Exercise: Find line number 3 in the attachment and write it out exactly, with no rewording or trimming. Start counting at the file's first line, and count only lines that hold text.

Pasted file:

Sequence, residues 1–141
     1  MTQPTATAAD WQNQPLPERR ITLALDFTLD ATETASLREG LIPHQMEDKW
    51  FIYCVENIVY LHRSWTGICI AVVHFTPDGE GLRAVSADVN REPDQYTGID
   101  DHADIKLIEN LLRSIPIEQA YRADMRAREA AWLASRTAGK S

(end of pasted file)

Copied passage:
    51  FIYCVENIVY LHRSWTGICI AVVHFTPDGE GLRAVSADVN REPDQYTGID